Botany on Your Plate
Place of Learning: 
Garden Classroom
Grade Level: 
Grade 5
Contributor

Mia Villanueva
Berkeley School District Gardening & Cooking Program
Berkeley, CA

Tags: 
anatomy
plants
Harvest
Summary: 
This lesson builds on past content students learned about plant parts and functions. The activities review each part and then invite students to taste a new vegetable or fruit growing in the garden.
Student Learning Goals & Objectives: 

Students will:

  • Name and label the functions of each part of a plant.
  • Harvest produce and assemble ingredients for a one-bite garden tasting
Materials & Prep: 
  • Edible seasonal plant parts from each category: roots, stems, leaves, flowers, fruits, and seeds
  • Knives and chopping boards for students
 
  • Collecting and Mixing Bowls
  • Garden Journals
Procedure Steps: 
1
Activity Preparation
  1. Draw the six plant parts on the whiteboard or prepare a laminated diagram that is large enough to show a full class (this is helpful preparation for future lessons and will save on time).
  2. Gather the plant parts from all six categories and prepare them in bowls (this can also be done as part of the activity).
  3. For snack preparation, prepare additional ingredients for students to add to their one-bite tasting to make a version of a garden burrito. Ex: boil beans and sauté leafy green stems, and prepare tortillas to wrap the plant part ingredients in. Alternatively, the leaf can act as the tortilla.
2
Reviewing Plant Parts and Their Functions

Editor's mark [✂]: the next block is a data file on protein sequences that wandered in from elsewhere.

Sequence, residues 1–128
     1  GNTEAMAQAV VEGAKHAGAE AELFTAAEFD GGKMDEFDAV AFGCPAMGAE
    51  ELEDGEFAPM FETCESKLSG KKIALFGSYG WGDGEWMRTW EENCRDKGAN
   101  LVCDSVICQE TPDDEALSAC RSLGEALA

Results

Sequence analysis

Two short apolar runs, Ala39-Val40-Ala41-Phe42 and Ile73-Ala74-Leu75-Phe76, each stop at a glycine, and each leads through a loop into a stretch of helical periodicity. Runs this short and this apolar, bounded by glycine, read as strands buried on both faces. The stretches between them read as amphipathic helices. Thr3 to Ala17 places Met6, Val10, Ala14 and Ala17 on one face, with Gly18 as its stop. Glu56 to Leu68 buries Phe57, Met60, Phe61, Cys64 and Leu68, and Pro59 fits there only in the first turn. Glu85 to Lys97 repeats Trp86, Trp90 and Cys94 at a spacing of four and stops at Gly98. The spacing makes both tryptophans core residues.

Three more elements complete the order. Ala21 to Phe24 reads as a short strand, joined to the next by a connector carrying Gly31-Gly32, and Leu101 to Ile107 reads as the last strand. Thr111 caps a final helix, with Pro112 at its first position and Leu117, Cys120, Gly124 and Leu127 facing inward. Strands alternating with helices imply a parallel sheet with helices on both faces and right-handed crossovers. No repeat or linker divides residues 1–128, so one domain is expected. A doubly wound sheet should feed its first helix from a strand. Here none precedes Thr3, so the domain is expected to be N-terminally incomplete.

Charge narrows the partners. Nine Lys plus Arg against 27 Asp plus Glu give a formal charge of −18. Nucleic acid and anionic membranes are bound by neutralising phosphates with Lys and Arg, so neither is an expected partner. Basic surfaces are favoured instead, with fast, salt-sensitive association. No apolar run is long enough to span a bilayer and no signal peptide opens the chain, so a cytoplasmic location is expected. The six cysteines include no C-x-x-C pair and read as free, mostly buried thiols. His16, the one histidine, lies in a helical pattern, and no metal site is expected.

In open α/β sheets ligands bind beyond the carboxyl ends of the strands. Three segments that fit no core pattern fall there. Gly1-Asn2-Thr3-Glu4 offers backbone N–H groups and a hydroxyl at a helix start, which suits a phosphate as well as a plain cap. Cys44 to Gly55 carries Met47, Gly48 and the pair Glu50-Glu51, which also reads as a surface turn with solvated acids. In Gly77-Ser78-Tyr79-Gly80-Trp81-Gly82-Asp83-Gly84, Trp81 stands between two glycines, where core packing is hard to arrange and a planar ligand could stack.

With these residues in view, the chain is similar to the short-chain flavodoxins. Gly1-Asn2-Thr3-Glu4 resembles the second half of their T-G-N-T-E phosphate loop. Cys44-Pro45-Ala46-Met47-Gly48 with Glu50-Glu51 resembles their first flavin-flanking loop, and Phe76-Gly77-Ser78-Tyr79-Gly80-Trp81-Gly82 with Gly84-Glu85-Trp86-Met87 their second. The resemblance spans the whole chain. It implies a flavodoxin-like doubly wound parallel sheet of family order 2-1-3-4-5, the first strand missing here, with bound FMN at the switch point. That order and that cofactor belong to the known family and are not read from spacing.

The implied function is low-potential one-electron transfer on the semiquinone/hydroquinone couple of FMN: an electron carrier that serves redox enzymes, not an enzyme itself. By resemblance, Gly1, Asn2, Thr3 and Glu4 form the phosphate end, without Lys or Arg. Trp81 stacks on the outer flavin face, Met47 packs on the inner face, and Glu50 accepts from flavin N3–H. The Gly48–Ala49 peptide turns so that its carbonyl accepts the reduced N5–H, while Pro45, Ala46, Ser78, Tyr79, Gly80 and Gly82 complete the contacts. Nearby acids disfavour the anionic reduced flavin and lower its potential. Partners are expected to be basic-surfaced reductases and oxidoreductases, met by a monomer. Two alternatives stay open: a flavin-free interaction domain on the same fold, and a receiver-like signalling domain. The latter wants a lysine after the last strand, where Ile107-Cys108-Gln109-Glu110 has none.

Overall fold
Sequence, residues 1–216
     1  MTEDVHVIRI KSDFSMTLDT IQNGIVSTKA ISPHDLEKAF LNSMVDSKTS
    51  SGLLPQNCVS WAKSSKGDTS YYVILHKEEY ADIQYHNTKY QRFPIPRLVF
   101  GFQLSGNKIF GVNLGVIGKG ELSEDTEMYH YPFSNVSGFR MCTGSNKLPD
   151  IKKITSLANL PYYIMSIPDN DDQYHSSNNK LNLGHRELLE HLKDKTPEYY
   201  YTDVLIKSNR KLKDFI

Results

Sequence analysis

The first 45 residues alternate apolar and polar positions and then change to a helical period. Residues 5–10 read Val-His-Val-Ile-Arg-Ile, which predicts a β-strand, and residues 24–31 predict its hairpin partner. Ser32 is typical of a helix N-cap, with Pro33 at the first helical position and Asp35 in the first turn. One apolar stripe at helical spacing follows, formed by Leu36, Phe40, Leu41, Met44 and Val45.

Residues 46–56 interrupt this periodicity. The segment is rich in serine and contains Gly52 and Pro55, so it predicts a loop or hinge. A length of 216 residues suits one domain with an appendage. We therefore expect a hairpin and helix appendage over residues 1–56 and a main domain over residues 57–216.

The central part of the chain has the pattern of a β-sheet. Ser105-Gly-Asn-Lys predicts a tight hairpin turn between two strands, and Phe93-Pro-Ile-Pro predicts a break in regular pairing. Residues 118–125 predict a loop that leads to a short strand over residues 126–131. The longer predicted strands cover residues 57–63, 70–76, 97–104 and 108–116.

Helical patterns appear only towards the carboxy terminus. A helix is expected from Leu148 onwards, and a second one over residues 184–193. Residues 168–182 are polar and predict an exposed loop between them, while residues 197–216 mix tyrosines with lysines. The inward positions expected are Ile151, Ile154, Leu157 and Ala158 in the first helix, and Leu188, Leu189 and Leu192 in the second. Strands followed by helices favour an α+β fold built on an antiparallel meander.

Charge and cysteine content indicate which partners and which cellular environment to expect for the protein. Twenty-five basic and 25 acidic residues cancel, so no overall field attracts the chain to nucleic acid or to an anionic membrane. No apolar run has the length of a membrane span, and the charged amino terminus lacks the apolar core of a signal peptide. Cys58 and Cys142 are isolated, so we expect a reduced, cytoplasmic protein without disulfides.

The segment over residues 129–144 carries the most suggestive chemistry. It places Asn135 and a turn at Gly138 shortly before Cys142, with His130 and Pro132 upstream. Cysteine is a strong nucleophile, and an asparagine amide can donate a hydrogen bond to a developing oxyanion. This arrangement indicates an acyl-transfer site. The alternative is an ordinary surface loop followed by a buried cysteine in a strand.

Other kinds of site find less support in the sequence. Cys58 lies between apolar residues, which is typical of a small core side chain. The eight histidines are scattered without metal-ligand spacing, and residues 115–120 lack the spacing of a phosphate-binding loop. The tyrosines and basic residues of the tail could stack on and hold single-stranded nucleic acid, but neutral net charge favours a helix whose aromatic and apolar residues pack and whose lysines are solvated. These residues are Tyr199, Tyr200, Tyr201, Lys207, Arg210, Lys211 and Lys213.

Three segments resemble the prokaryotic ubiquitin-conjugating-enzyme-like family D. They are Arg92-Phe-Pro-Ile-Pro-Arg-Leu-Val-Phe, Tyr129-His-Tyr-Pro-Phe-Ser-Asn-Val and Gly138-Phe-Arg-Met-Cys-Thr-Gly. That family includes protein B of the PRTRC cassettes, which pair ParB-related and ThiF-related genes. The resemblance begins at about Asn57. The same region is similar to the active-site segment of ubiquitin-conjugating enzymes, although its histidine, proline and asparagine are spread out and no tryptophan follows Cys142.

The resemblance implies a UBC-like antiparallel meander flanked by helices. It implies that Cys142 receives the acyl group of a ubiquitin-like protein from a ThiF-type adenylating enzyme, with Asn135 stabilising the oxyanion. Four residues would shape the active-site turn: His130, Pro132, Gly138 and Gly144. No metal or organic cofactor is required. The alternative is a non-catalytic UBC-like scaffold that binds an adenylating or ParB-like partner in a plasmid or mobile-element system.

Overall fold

1. Review plant parts and functions.
  2. Show students a plant with all six parts: roots, stems, leaves, flowers, fruits, and seeds (bonus if it is a legume with nitrogen nodules which will be covered in another 5th grade lesson).
    • Invite students to obverse closely and dissect with their finger nails the different flowing parts of the samples.
    • Students share descriptions of the parts of the plants.
    • Students answer each question as a group or in their garden journals.
  3. Ask:
    • What is the purpose of roots? Roots hold the plant in the ground and take in water.
    • What is the purpose of stems? Stems move water up the plant and move sugar down the plant. They also hold the plant upright.
    • What is the purpose of leaves? Leaves turn the sugar into plant food through their stomata, which get energy from the sun and absorb carbon dioxide. They then breathe out the energy in the form of oxygen.
    • What is the purpose of flowers? Flowers attract pollinators with theirpollen. The flowers also turn into a fruit.
    • What is the purpose of fruits? Fruits hold the seeds and often taste sweet, which attracts animals. The animals eat the fruits and disperse the seeds through defecation.
    • What is the purpose of seeds? Seeds are the offspring of the plant that can be planted to grow new plants.
    • What is the purpose of nitrogen nodules? Nitrogen nodules store the nitrogen that, with the help of bacteria, the plant draws from the air. Not all plants store nitrogen in this way. Peas, alfalfa, and beans are especially good at this.